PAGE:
The question begged by Echoes of the Past: Royal House of Stone, a hidden object adventure game from Orneon with great art and some very clever puzzles, is this: How long should a game last to be worth our money? I was having a fine time playing when all of a sudden, at just a hair over two hours into the experience, the game abruptly ended with a "to be continued" message. Does such a short play justify digging into one’s wallet?
We should probably take a closer look at the game before ruling.
It’s a bit of a whodunit. Upon visiting an old castle museum and viewing a series of oil paintings of long-dead royalty we are suddenly whisked into the past to a time when the people in the paintings were alive.
Turns out they’ve been enchanted; frozen like statues all over the castle. Our goal is to find out how this happened and break the curse. To that end, players engage in a series of hidden object challenges and narrative-driven puzzles that lead to the unthawing of each frozen person, who then-via some quick, unfortunately amateurish voice acting-provides us with vague clues about what might have happened.
The hidden object areas have players looking for random items, most of which would be common sights in castles a few hundred years ago, including corsets, axes, and spiders. These challenges are fair, fun, and feature the occasional original twist, including one item in each area that requires players to think laterally.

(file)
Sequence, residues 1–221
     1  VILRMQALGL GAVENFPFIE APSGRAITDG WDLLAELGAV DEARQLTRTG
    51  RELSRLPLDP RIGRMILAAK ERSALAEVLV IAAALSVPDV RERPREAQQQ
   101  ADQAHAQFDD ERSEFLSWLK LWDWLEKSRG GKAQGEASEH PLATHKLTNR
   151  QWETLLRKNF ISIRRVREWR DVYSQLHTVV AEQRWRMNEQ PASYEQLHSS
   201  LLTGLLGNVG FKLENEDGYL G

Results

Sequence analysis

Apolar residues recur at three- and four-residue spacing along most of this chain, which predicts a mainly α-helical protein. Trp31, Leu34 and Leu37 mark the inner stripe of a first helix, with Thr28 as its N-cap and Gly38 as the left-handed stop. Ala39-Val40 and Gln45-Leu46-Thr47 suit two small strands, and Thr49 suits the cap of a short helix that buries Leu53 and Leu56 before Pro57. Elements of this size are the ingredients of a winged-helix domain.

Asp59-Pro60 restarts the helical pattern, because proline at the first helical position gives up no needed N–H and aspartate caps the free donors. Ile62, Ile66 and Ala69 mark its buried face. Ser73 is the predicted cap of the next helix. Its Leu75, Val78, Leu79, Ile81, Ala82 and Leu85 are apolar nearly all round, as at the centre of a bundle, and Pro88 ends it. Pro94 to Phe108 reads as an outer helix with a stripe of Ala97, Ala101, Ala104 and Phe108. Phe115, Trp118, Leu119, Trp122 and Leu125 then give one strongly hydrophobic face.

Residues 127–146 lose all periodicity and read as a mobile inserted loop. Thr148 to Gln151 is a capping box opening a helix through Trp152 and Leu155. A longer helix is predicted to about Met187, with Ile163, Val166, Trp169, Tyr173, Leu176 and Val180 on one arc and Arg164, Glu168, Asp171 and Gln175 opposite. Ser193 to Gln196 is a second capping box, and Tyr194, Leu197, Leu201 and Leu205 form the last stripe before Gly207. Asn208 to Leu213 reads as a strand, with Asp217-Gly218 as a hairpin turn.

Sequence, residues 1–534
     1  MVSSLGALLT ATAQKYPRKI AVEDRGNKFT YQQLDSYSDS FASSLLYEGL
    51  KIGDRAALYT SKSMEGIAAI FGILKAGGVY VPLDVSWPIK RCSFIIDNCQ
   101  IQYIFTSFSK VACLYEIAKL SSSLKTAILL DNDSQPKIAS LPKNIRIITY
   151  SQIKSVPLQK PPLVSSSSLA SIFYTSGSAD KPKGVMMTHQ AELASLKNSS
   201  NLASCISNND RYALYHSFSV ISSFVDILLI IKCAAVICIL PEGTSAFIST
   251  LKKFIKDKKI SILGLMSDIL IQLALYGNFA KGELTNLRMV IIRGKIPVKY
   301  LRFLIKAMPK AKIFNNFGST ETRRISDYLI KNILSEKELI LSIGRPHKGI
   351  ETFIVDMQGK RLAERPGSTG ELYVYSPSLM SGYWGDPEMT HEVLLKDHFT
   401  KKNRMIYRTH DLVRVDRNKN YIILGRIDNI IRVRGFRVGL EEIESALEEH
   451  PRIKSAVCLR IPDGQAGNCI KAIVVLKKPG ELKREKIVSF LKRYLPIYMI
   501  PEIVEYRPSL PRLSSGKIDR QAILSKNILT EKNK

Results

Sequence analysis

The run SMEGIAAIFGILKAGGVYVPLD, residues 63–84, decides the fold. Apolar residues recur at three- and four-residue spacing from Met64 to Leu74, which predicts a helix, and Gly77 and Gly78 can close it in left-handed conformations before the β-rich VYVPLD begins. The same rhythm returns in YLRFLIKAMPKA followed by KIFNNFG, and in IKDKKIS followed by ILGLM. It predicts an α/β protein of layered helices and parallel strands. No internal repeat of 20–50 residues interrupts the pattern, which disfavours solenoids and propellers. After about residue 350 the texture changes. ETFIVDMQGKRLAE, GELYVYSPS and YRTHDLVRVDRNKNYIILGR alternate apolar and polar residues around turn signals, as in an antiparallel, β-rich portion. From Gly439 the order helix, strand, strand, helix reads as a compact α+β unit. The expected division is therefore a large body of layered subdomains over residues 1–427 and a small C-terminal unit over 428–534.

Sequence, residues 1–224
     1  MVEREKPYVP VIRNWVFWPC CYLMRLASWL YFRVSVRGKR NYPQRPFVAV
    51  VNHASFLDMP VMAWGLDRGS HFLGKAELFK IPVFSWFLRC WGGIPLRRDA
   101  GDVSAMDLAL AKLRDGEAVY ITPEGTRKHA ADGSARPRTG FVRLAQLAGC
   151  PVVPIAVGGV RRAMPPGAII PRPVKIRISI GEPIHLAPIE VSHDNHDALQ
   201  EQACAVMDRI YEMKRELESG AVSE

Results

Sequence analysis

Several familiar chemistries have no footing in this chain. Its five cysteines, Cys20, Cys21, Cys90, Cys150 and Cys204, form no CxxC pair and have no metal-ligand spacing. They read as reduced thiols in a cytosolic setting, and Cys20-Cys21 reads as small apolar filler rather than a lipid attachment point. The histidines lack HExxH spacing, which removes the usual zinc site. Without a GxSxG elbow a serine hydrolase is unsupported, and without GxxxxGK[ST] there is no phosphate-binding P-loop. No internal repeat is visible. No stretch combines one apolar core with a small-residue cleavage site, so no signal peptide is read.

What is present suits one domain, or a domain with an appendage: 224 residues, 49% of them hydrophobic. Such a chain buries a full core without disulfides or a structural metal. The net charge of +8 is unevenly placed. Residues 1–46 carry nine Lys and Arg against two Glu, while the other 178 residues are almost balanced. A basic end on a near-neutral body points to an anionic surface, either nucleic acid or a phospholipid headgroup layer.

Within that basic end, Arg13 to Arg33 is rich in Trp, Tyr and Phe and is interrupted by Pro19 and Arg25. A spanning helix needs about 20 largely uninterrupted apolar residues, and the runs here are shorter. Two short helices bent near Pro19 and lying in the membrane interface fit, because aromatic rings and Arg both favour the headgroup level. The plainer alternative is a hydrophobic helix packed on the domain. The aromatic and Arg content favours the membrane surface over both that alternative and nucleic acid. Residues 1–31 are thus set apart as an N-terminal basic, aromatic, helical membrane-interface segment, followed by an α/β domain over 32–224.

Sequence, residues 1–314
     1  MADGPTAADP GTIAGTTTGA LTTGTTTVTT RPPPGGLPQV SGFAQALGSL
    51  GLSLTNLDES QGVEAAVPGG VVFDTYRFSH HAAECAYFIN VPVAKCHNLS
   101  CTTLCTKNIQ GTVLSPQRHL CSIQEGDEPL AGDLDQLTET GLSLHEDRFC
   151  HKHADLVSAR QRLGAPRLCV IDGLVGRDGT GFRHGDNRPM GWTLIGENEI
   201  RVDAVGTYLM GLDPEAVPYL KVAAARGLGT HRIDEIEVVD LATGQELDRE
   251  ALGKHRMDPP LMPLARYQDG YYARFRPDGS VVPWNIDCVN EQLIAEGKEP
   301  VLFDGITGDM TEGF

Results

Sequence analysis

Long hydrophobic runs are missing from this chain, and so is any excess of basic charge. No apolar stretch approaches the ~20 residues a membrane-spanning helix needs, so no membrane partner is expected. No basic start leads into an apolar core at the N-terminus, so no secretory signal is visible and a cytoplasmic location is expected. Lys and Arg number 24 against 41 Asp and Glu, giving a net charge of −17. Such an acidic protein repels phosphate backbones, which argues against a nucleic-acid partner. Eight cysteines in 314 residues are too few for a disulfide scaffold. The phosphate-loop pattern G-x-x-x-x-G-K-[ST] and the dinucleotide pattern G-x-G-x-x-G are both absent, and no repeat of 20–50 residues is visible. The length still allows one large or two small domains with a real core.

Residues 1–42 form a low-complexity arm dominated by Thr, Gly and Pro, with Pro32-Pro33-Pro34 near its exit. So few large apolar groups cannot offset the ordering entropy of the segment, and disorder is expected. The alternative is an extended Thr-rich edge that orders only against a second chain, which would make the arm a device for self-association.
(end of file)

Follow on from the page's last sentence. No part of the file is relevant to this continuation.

To find a handprint, for example, I needed to rub a glove on some coal and then press it on a piece of paper to create the mark myself. And, later on, players will need to match up the items they’ve found by either grouping exact duplicates or touching each object to listen to the sound it makes before searching for another item that makes the same noise.
After all listed objects have been found players typically need to find one last item; something required to tackle a contextual puzzle in another area of the castle, such as a lever or a flask. These brainteasers involve activities such as solving a simple equation to determine which weights ought to be placed atop a machine to cause its gears to interact in a precise manner, or the gathering and combining of items to create a grappling rope necessary to access another area.
Often more difficult than the HOG scenes, some of these puzzles had me stumped for quite a while. Mercifully, the developers saw fit to include a skip button that takes a couple of minutes to become active. If you just can’t figure out what you need to do to solve the puzzle (or how to do it), just click this button and the puzzle will solve itself.
It’s a good time, all things considered. It’s just too bad the full game is merely twice the length of the demo, and that it offers virtually no replay value (unless you want to see just how quick you can run through the whole game once you know how to solve all of its puzzles).
Is it worth paying to see the rest? I might say yes if we were at least provided a complete and satisfying story. Sadly, the game ends with a thoroughly disappointing cliffhanger, making it feel as though we’ve just watched a pilot television show, uncertain as to whether we’ll ever get to see a conclusion.
I don’t think there is necessarily a formula that dictates how long a game of a certain price ought to last in order to satisfy players, but I do believe that Echoes of the Past: Royal House of Stone is too short to be worth $6.99. If all casual games were this short, many of us would be buying a new one almost every night. That’s a precedent that ought never to be set.